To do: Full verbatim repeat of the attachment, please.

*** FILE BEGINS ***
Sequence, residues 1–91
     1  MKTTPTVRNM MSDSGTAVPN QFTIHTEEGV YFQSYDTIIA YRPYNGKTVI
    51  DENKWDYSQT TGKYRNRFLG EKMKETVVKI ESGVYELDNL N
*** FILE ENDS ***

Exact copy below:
Sequence, residues 1–91
     1  MKTTPTVRNM MSDSGTAVPN QFTIHTEEGV YFQSYDTIIA YRPYNGKTVI
    51  DENKWDYSQT TGKYRNRFLG EKMKETVVKI ESGVYELDNL N